Darryl, I love your book, and this list is so helpful. Any idea of the light requirements (specifically how many hours of direct sunlight tolerated) for tradescantia zebrina?
Have made some adjustments of various plant locations after reading your book, and am seriously considering getting a light metre to makes sure all my plants are getting what they need. Thanks for sharing your learning!
Thanks, Kelly! T. zebrina grows well in “shade” outdoors, which means up to 3 hours of direct sun is fine – remember that the gardening definition of “shade” does NOT mean complete absence of direct sun, it means less than 3 hours of exposure time. If you’re growing this plant indoors, just put it in your biggest *and* sunniest window.
This is a great source! Thanks, Darryl!
[…] Here’s my list of common houseplants and their light requirements – WITH NUMBERS! […]
Darryl this table is amazing 😍 thank you so much for doing this 🙌!! I’d love to see a new column with the average amount of hours per day needed to achieve that Good Growth.
As a product manager getting into houseplants, I love this! Read your book too and it’s the best houseplant book I’ve read so far.
Thanks, Emma! Glad you found it helpful!
How many hours in a day does a Ficus (I recently got a large rubber plant) need at least 400 fc to keep up maintenance? Likewise, how many hours in a day does it need 800 fc for good growth?
Hi Claire! I’d say roughly 8 hours.
What is the minimum time the plants (moth orchids) need to spend in the light for it to be considered enough… have only limited shelf at the window and might have to start rotation thing … also can’t leave it open whilst the orchids are there as I am worried that the draft will kill them .
The range of light intensity/duration varies a lot. If you want orchids to flower around once year, I’d say they need to be exposed to at least 200-400 FC for at least 6 hours a day. An hour or two of direct sun would be great as well. That’s going to be as close to your biggest window as possible. As for the draft – if there is one, you should have it fixed for the sake of your heating/cooling bill.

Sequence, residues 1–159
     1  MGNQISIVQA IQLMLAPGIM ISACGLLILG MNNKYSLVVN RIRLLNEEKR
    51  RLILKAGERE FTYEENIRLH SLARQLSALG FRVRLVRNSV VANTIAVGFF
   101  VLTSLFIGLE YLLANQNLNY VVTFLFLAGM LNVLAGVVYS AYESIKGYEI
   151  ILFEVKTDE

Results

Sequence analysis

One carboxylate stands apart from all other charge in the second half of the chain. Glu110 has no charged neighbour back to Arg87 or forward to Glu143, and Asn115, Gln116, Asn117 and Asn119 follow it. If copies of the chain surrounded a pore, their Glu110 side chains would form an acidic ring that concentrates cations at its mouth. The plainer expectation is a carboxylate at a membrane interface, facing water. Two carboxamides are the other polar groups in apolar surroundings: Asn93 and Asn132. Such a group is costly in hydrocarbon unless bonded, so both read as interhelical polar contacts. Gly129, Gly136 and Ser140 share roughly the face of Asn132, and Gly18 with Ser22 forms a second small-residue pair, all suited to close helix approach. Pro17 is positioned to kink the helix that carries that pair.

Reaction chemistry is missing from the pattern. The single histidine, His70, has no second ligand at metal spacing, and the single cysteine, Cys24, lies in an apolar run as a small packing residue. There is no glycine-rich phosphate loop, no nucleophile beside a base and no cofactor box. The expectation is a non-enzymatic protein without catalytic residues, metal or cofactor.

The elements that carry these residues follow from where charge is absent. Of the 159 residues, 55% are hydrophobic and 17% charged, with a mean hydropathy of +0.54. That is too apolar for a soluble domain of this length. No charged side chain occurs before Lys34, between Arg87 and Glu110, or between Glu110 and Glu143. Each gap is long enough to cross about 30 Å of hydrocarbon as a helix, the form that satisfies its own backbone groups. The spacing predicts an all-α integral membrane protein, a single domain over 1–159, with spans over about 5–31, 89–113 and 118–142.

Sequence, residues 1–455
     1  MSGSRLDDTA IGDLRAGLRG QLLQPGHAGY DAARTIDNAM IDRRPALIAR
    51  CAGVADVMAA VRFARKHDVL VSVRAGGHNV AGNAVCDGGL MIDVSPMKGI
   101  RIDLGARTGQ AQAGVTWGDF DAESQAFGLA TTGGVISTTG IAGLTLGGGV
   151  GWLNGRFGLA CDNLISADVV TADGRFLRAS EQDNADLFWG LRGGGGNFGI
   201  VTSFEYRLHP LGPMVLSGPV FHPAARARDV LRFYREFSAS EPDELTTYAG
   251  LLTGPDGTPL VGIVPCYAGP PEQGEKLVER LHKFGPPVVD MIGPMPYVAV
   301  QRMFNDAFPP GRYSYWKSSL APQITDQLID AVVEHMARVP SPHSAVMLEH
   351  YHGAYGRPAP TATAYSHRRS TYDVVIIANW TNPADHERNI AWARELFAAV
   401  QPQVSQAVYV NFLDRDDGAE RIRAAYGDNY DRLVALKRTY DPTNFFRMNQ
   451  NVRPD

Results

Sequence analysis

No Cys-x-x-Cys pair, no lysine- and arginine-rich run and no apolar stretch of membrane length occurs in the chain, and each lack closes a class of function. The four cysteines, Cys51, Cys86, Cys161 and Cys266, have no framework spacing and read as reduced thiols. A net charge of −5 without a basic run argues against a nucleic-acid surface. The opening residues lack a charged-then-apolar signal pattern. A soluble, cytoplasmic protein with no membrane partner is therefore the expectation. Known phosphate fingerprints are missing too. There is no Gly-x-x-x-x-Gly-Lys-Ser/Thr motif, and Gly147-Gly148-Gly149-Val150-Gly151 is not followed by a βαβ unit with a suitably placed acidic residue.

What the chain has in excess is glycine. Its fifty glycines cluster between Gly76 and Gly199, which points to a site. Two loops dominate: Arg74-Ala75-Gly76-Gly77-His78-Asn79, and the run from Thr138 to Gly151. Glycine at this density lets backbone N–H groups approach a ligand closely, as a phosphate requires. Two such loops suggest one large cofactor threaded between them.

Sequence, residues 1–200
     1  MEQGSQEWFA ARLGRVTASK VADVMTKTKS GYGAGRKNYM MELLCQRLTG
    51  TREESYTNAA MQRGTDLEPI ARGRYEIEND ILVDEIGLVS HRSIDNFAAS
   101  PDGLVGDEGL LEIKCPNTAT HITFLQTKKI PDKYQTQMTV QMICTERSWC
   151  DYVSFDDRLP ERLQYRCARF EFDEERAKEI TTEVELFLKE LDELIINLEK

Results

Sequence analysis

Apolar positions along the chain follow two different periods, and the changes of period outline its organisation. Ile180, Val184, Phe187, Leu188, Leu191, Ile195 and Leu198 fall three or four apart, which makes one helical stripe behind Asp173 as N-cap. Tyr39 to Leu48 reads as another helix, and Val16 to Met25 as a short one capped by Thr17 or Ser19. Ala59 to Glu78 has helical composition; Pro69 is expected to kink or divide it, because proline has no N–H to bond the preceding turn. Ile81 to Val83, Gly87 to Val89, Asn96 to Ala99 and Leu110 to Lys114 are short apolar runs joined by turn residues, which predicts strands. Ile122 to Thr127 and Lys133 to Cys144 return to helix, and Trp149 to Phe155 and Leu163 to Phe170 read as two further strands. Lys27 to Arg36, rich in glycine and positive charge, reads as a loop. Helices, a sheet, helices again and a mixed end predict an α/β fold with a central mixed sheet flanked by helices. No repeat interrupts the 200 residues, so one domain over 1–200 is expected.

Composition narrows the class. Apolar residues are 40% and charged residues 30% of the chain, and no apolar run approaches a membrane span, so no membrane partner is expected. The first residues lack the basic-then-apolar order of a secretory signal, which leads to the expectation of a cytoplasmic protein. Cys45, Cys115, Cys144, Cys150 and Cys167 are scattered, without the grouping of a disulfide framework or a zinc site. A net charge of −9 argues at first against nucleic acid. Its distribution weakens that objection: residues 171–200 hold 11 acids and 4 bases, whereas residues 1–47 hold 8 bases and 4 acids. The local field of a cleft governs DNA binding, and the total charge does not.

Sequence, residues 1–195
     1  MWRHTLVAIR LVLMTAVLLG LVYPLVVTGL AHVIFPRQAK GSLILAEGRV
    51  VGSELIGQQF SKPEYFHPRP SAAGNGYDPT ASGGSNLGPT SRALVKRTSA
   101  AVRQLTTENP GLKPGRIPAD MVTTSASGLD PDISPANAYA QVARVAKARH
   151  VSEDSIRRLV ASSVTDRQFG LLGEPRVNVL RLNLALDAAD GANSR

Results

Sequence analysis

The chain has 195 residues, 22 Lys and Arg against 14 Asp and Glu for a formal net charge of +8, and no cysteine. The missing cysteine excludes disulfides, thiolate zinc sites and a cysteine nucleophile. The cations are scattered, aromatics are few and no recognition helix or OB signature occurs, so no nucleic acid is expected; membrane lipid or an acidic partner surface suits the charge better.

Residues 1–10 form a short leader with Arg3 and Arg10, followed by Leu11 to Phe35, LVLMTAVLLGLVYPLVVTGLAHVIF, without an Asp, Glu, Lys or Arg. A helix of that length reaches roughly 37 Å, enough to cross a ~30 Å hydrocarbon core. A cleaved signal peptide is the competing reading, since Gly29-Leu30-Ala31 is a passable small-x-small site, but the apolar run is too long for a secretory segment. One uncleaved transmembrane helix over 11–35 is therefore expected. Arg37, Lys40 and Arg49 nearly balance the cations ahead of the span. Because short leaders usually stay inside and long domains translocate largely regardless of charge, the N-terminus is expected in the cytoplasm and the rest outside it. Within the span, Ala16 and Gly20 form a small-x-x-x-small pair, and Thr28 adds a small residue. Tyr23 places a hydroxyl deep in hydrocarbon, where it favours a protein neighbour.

Just wanted to say thanks for putting together this resource. Similar to one of the comments above, I ended up using this list frequently and created a sortable table for it – feel free to use it if it’s helpful 🙂
When I originally commented I clicked the “Notify me when new comments are added” checkbox and now each time a
comment is added I get four e-mails with the
same comment. Is there any way you can remove me from that service?
We’re very sorry for the emails! We only recently had our website re-done and so we’re still figuring out the issues.
Is there any link within the email that says “unsubscribe”?
When I look on the commenting part of the page, I don’t see a checkbox that says “Notify me when new comments are added.” but rather, only one that says “Save my name, email, and website in this browser for the next time I comment.” – was that the one you checked?
Please let us know. We’ll do our best to help!
I have referred back to this list SO many times I’ve considered turning it into a sortable list by light levels. Please keep adding to it *begs sweetly* !!
Muito bom, estas informações irão contribuir muito para as minhas pesquisas!
Very informative, thank you! ♥
This is some very nice information and I happen to have some cheap chinese light meter, hopefully it gives me at least some idea of the light levels I have. But I was just wondering how long do the light levels have to be above or within those light levels? I mean how many hours in a day is enough of say, 100 FC to achieve minimal growth? That’s something I didn’t quite understand.